Card to Collect: 2003-04 UD Exquisite Rookie Patch Parallel #78, $13,000 and climbing.
CARMELO ANTHONY, Nuggets
Pick: No. 3
Skinny: Good friend with James and the star of Syracuse’s NCAA championship run as a freshman in 2003, Anthony has quickly become one of the league’s best-scoring small forwards.
Skill: Terrific natural scorer and underrated rebounder, but where he shows equal promise is as a natural leader.
Comparison: Dominique Wilkins
Collectibility: Rode a high after winning the NCAA title and being taken so high in the draft, but being on a low-profile Denver sqaud, which hasn’t been a championship contender since the old ABA days, tempers the collectors. Not that he doesn’t have a following or market, but we have seen what a title and big market have done for Wade.
Card to Collect: 2003-04 UD Exquisite Rookie Patch Parallel #76, $3,500 and climbing.
CHRIS BOSH, Raptors
Pick: No. 4
Skinny: Classic nickname of his initials and jersey number, CB4 is another of the modern athletic big men like Amare Stoudemire whose inside game is complemented by a decent outside attack. An accomplished shot blocker and defender, he’s getting better by the year. Once his body fills out, he might be the next Moses Malone.
Skill: Quick and athletic with strength to the basket
Comparison: Kevin McHale
Collectibility: Players on Canadian teams rarely make much of a dent in the U.S. hobby, but for two years now, Bosh has been climbing, climbing, climbing. His card values are showing escalations up to 400 percent on some issues and his autograph prices soared once he reached his first All-Star Game in 2006. Extremely popular and likable player whose philanthropy is expected to take him home to Dallas when he becomes a free agent. There, his collectibility could soar off the charts.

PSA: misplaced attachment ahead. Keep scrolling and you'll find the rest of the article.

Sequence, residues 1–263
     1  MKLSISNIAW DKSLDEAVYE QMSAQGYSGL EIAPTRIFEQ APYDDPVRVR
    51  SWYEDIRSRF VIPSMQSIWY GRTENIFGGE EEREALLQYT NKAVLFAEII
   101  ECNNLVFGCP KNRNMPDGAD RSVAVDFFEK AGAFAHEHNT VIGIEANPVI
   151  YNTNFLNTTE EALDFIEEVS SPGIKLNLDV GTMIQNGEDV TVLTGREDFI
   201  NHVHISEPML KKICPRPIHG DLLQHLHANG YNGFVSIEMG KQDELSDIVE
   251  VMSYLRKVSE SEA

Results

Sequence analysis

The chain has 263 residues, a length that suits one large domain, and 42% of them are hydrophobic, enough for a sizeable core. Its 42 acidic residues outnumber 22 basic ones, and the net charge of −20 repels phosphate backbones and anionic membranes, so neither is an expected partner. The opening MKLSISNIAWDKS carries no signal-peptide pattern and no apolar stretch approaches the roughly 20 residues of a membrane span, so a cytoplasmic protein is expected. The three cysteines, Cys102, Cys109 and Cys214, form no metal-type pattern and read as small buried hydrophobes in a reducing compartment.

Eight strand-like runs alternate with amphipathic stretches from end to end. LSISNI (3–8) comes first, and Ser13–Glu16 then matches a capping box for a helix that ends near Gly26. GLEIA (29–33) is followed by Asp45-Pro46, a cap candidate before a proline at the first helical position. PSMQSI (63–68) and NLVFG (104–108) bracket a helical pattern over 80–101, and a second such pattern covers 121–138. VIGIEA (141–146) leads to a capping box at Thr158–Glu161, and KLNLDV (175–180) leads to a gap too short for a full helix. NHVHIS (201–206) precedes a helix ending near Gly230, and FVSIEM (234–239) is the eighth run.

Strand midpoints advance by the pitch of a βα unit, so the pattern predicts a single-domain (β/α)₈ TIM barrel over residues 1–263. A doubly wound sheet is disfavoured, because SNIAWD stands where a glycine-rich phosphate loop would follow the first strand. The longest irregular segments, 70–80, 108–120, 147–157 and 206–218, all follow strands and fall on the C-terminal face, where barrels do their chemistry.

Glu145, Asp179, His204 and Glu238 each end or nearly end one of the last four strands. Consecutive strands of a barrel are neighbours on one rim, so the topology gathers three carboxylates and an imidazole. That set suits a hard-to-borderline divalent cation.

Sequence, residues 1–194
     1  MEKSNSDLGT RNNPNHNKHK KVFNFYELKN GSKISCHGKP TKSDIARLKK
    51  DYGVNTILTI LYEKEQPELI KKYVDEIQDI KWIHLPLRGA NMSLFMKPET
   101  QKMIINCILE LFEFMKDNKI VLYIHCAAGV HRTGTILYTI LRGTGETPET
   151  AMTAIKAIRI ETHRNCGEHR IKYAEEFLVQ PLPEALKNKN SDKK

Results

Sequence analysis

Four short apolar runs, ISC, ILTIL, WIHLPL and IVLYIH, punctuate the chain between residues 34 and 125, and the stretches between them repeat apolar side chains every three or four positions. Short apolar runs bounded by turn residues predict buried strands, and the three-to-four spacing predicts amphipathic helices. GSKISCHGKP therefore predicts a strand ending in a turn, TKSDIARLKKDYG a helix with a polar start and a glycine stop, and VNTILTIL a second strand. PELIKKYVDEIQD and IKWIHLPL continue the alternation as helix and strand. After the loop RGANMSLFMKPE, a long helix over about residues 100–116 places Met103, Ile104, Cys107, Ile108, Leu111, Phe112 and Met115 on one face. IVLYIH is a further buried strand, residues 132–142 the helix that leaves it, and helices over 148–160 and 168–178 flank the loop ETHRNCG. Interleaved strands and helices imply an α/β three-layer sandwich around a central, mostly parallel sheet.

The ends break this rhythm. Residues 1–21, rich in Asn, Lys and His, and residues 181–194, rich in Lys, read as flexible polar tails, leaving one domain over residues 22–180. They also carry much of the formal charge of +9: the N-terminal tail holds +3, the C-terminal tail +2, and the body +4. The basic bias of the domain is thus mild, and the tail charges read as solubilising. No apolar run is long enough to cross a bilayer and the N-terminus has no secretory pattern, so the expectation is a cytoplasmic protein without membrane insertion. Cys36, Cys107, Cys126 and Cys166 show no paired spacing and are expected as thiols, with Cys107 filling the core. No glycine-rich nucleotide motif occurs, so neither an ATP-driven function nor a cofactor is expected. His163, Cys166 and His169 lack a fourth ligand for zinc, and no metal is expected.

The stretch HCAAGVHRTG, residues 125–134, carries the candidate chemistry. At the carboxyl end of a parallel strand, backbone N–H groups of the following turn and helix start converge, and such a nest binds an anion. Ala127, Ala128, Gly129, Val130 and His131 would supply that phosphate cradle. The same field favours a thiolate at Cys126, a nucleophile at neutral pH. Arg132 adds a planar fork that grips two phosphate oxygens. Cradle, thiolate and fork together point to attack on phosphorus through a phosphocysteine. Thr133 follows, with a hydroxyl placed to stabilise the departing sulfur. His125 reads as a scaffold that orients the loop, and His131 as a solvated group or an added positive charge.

Card to Collect: 2003-04 UD Exquisite Rookie Patch Parallel #75, $3,000 and climbing.
DWYANE WADE, Heat
Pick: No. 5
Skinny: Flash has quickly become one of the league’s most accomplished players while also being Sports Illustrated’s Sportsman of the Year. The kind of player fans love, evidenced by his jersey being the No. 1 seller for two straight years. Last year’s championship and NBA Finals MVP award have lifted him to pre-legend status.
Skill: Using his speed and leaping ability for the drive and dish when he isn’t sealing the deal himself. He’s also amazingly poised and competitive.
Comparison: Clyde Drexler